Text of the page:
I watched the finale last Monday, and I expected it to be terrible. It fulfilled every single one of my expectations, and then some. I defended my choice to watch the entire series until the end to my roommate, and I heard myself say what I would say to anyone else: I owed it to myself to stick it through until the end. I’m in charge of my relationship with that show, which means I can remember it how I want to remember it. I can watch the last season once, to see the moments leading up to Ted meeting the Mother, and I can watch the last episode to see what becomes of them and then I don’t have to think about how much the ending differed from the ideas I had for these characters. Much like how many Harry Potter fans ignore the last book’s epilogue in favor of creating their own stories for their beloved characters, I can focus on how these fictional friends helped me through my last year of school. I’m the kind of person who wants to see myself in every piece of media I consume, so I can feel more normal about the way I behave. I had Ted to teach me that it was okay to be lonely sometimes, and picky other times. He was a very flawed character, or about as flawed as sitcom characters could be. So far more than showing me a reflection of myself, I used ‘How I Met Your Mother’ as a form of escapism. Though cited as an unrealistic possibility by most, the idea of five friends moving to New York City to pursue their individual dreams (and actually succeeding) was something I desperately needed when I was 21. I needed something to tell me it would work. And while I’m not truly a professional, I’m here, with enough pre-season 9 episodes of ‘How I Met Your Mother’ to play on repeat until I can’t even stand to look in the steely blue eyes of Neil Patrick Harris ever again (which isn’t likely to happen).
"Hi, I’m Cassandra, and I’m an over-sharer."
"It has been 18 hours since I last divulged a highly personal anecdote that nobody wanted to hear."
Yesterday morning at work, the store’s personal stylist asked me and the other AM restockers to pick out a “three piece outfit for Spring. Make sure you layer and add accessories!” It was 9:30 AM, I was sick, sleep deprived, a little hungover, and I had two huge piles of clothes that still needed to get hung. I had no time or patience for this. I picked out a dress and a cardigan, two things I would actually purchase from my store if I had anything resembling disposable income, a pair of earrings and sat quietly at morning meeting, trying not to roll my eyes as the managers asked us to talk about how we could use our personal style (as represented in our outfit choice) to “inspire her” (the ubiquitous “her” being our customer base). “Let’s make it fun!” the assistant manager said. “Tell us about your outfit, and what you would wear it to!” Each of the girls showed their choices—one of our trillion maxi skirts paired with a loose-fitting blouse and a floppy hat, and each one said the same thing. “Um… I guess I’d wear this to like, go for brunch and then shopping?” After each presentation, the managers smiled appreciatively and commended the associate on her choices and inspiring style. Our home restock associate, a food blogger whom I always go to for tips on roasting vegetables, seemed just as irritated as I was at this little exercise. She dryly said that she’d wear her outfit on the first episode of her imminent Food Network show. I don’t think anyone could detect the sarcasm, because she got the most enthusiastic response. I was hoping that, much like every other time I was in a large group of people, I could remain invisible and slip out of morning meeting unnoticed without having to present my outfit choice as anything more than “This is covered in flowers. It’s good for Spring.” I was already thinking about where I’d go to get coffee #2 during my break when they turned to me and said, “Now it’s your turn!” And so I did what I do best: I made it weird.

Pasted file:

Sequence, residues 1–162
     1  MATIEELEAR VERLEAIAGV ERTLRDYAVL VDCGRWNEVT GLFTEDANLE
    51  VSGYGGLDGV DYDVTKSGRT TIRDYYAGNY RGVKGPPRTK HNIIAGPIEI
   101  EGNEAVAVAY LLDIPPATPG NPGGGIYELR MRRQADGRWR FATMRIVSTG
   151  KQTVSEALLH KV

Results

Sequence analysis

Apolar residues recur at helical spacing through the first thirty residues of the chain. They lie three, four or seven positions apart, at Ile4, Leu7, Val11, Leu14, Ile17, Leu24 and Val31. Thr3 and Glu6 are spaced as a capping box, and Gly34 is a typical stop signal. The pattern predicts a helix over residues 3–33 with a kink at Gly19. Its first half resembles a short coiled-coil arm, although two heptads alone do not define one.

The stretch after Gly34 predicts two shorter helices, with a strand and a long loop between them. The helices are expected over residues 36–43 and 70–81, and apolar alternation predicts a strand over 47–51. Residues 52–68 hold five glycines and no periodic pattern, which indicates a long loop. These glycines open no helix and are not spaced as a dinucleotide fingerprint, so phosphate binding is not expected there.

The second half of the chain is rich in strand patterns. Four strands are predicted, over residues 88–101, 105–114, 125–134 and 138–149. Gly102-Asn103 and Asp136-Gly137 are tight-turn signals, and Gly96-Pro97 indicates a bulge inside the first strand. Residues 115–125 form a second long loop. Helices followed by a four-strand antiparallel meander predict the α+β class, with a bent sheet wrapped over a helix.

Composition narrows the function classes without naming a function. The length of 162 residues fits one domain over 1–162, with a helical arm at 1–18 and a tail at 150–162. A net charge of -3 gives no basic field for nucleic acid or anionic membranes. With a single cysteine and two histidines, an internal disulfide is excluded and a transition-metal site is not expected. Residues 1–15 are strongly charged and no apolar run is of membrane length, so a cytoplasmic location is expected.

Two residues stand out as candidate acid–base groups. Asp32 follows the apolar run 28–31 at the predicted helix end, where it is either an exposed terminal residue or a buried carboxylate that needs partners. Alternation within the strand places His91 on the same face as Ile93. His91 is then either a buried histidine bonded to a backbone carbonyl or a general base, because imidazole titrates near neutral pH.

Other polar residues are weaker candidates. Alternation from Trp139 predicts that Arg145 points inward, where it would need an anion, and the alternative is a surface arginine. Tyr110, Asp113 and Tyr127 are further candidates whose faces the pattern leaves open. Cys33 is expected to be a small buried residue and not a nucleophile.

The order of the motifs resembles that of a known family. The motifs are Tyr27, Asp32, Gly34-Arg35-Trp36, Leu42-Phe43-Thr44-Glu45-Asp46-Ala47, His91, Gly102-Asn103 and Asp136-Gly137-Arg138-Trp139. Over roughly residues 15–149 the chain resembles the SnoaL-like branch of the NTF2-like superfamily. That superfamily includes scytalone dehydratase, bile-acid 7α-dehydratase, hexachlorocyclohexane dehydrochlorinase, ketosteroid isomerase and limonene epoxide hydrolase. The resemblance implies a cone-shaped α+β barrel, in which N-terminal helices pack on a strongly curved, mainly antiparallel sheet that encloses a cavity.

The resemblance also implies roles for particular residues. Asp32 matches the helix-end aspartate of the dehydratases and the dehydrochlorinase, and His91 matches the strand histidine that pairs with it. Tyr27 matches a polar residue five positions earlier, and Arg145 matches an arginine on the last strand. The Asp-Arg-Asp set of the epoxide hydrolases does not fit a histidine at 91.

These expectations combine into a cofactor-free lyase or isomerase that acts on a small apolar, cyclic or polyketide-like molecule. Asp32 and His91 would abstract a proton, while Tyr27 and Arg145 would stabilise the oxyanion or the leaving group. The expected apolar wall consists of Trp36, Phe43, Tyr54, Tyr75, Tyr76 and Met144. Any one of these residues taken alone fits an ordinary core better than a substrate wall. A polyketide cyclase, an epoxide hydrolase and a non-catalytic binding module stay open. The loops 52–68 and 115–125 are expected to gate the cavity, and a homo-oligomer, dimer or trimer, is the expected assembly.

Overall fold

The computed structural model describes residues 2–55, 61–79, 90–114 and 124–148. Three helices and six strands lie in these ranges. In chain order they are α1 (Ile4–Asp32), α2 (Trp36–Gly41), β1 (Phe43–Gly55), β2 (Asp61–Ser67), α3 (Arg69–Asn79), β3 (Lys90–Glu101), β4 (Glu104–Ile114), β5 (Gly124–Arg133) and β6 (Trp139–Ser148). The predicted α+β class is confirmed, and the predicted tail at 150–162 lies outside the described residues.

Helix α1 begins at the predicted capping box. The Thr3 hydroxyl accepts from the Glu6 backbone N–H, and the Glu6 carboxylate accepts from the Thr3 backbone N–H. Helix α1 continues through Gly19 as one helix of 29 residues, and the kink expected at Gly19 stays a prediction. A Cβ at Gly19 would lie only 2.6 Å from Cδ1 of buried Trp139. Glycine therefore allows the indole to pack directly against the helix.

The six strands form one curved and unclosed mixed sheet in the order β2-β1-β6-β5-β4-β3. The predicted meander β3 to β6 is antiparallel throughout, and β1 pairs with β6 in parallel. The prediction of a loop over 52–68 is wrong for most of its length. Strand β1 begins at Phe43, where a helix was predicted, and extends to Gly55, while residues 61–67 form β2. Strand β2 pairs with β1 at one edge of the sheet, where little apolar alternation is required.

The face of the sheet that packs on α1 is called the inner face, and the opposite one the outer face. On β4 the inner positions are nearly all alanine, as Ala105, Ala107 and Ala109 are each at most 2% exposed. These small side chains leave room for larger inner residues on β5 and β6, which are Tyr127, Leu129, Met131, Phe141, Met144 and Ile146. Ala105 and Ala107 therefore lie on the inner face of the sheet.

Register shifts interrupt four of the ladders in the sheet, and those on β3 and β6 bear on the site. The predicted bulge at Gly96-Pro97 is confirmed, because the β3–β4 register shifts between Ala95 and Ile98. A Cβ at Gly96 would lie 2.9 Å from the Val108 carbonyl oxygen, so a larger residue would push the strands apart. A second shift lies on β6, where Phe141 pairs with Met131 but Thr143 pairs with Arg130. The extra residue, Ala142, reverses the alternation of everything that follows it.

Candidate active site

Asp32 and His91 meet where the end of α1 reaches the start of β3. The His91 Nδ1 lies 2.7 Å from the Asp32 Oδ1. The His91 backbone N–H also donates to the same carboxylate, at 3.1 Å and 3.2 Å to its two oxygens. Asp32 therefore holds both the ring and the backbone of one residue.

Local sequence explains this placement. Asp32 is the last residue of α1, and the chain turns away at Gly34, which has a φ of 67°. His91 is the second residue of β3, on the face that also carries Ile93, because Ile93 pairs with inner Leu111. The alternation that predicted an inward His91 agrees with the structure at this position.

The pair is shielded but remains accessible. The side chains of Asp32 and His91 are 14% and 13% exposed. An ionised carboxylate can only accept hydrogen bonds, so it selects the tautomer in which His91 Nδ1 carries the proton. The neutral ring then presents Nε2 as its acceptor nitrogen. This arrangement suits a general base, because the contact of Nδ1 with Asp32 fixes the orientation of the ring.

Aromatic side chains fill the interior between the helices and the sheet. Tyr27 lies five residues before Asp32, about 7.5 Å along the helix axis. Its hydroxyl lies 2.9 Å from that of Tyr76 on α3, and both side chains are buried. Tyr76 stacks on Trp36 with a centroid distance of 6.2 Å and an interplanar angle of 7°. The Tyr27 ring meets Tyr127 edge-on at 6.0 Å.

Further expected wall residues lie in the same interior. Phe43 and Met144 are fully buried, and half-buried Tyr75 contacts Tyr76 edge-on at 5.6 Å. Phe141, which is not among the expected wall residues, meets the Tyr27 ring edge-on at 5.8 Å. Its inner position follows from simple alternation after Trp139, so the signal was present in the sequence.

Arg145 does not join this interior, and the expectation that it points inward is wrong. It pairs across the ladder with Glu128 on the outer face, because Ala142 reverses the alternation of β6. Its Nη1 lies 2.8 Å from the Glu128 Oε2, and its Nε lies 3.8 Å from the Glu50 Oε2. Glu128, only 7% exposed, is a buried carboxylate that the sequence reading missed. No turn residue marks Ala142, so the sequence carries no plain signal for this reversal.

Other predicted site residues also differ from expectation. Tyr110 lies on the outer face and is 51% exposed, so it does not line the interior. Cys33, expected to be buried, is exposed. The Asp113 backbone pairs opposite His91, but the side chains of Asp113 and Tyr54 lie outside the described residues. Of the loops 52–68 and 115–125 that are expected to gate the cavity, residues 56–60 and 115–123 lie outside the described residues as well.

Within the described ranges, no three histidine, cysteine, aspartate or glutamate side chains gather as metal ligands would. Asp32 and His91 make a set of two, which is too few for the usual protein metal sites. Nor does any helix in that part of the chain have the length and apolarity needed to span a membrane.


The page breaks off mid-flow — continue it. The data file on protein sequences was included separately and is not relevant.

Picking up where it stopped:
"So, I picked out this dress because I don’t like to wear pants, and a cardigan to go over it because I hate my arms. And I’d probably wear this on a really bad date that I’d go home and then blog about."
Everyone looked at me in silence for a few seconds before the assistant store manager stammered that we were opening in five minutes and we should finish getting everything ready.
Don’t get me wrong—I actually like my job a lot. I’m grateful to be there, and i’ve heard I’m not half bad at it. But when you ask me to perform some asinine task before I’ve had enough food or coffee to harness my social filter, be prepared for things to get weird.
I stream a lot of television from the Internets, which means A LOT of captcha tests to make sure I’m a human (just because I give you a blank stare when you’re talking to me because I’m probably thinking about boys/kittens/boys with kittens doesn’t mean I’m a robot, I promise!).
I screenshot the good ones. Like this one.
Because that’s the name of my next band. There are more. And you’ll see them all.
Awhile back, a friend asked what LinkedIn was, and I described it as “Ok Cupid for job hunting.” I realized pretty immediately that was an inaccurate assessment. I only said that because the two services shared a common feature: the ability to see who looked at your profile (something that creates a lot of anxiety for me in using both sites). Shortly thereafter, this same friend decided to make an Ok Cupid profile, and as I tried to help her sell herself (in the metaphorical sense) as the best dating candidate out there, I mused that it would be pretty cool if we could “friend” each other using the site, and be each other’s virtual wingwomen.